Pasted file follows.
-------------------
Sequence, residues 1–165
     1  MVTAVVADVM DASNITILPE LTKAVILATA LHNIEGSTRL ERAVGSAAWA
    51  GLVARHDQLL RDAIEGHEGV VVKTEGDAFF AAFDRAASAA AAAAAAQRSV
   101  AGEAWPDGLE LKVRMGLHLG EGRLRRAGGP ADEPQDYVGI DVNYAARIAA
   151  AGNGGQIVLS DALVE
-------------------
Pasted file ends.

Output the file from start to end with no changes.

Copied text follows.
Sequence, residues 1–165
     1  MVTAVVADVM DASNITILPE LTKAVILATA LHNIEGSTRL ERAVGSAAWA
    51  GLVARHDQLL RDAIEGHEGV VVKTEGDAFF AAFDRAASAA AAAAAAQRSV
   101  AGEAWPDGLE LKVRMGLHLG EGRLRRAGGP ADEPQDYVGI DVNYAARIAA
   151  AGNGGQIVLS DALVE